STEL: 35ppm (Short Term exposure Limit - 15mins)
TWA: 25ppm (Time Weighted Average - 8 hrs)
Rising Latching Alarms for Life Safety Applications
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Ammonia gas is lighter than air and will rise however in the presence of moisture (such as high relative humidity). The liquefied anhydrous ammonia gas forms vapours that are heavier than air. This can increase the risk of exposure from leaks to personnel, particularly in large NH3 refrigeration plant.
Ammonia is composed of Nitrogen and Hydrogen. It is a colourless gas with a characteristic pungent smell. Ammonia (NH3) is one of the most commonly produced industrial chemicals. NH3 is very toxic and also flammable with an LEL of 16%
In the environment, Ammonia is part of the nitrogen cycle and is produced in soil from bacterial processes. NH3 is also produced naturally from decomposition of organic matter, including plants, animals and animal wastes.
Physical properties of ammonia include:
- At room temperature, ammonia is a colourless, highly irritating gas with a pungent odour.
- In pure form, it is known as anhydrous ammonia and readily absorbs moisture.
- NH3 gas is easily compressed and forms a clear liquid under pressure.
- The gas is usually shipped as a compressed liquid in steel containers.
- Containers of ammonia may explode when exposed to high heat.
As fewer and fewer CFCs and HCFCs are available for use as refrigerants, ammonia has become popular as a replacement. Ammonia is a cost-effective, efficient alternative to CFCs and HCFCs that is also safe for the environment.
Frequently used commercially in large freezing and refrigeration plants is also called “anhydrous ammonia” because it contains almost no water (it is 99.98% pure). Our TOCSIN 750X series ATEX Addressable detectors and 750 Samplers are commonly deployed in refrigeration plant rooms. Our safe area 750 series detectors and 750 samplers are utilised within the ammonia valve stations and evaporators.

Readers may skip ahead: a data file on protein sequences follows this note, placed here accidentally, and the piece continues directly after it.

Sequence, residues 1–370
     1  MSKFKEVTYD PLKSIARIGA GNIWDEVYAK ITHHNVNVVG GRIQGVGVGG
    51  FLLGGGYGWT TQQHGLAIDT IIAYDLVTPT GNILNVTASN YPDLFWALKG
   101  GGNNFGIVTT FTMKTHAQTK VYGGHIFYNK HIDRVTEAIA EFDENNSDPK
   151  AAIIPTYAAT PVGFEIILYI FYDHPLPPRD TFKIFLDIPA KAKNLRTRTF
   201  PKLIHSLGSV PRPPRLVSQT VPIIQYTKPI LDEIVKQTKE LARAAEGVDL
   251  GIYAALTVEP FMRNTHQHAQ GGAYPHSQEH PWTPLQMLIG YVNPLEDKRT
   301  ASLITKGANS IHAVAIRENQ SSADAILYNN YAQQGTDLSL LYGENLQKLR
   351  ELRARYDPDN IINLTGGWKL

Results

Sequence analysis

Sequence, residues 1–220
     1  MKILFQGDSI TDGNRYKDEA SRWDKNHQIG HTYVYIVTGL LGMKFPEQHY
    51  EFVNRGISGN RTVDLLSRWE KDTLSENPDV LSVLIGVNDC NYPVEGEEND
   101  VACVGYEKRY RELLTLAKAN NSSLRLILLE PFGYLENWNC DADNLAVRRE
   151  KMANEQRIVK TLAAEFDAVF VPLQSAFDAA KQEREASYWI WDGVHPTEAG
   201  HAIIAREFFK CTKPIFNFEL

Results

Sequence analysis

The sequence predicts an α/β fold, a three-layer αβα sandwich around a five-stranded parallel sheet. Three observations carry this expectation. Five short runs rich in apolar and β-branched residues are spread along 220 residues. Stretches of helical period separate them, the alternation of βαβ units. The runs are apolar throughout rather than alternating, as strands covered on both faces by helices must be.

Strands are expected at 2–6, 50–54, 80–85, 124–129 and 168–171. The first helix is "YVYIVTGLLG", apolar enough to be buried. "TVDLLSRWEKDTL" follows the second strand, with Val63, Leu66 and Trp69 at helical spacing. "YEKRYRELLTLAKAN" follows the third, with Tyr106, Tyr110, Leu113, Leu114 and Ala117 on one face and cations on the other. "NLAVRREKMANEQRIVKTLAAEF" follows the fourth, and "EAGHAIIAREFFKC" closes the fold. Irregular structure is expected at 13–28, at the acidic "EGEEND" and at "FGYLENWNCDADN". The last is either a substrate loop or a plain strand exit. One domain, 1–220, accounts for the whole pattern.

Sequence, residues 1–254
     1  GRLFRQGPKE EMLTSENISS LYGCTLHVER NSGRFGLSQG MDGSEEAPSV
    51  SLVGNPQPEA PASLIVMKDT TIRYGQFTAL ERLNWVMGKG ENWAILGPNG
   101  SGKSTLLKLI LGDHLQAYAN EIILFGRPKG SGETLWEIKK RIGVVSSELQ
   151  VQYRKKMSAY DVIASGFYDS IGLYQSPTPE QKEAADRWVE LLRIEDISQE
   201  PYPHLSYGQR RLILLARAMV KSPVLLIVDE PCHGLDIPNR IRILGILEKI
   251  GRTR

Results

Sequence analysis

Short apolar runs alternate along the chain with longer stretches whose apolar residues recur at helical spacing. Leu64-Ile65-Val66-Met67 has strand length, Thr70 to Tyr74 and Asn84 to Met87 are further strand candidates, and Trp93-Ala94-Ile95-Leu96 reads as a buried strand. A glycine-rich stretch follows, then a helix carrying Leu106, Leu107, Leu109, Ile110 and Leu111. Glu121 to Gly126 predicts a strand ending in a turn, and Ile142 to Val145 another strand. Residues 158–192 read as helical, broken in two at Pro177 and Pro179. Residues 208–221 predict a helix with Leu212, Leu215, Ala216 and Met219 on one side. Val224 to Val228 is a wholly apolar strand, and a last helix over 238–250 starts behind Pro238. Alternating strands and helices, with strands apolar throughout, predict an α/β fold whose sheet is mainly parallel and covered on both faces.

Have you seen our latest ammonia sensor development?
Check our article here on our ground breaking Ionic Ammonia sensors. Finally solving the common problems of current electrochemical ammonia detectors:
- Ionic sensors do not deplete when detecting ammonia gas
- Ionic sensors can operate at temperatures as low as -40 degrees C
- Ionic sensors have a 5 year operational lifetime
As a refrigerant, Ammonia has many advantages over CFCs and HCFCs:
- An ammonia-based refrigeration systems costs 10-20% less to build than one that uses CFCs because narrower-diameter piping can be used.
- NH3 is a 3-10% more efficient refrigerant than CFCs, so an ammonia-based system requires
- NH3 is safe for the environment, with an Ozone Depletion Potential (ODP) rating of 0 and a Global Warming Potential (GWP) rating of 0.
- Ammonia gas is substantially less expensive than CFCs or HCFCs
- It is incompatible with copper, so it cannot be used in any system with copper pipes.
- NH3 is toxic and Flammable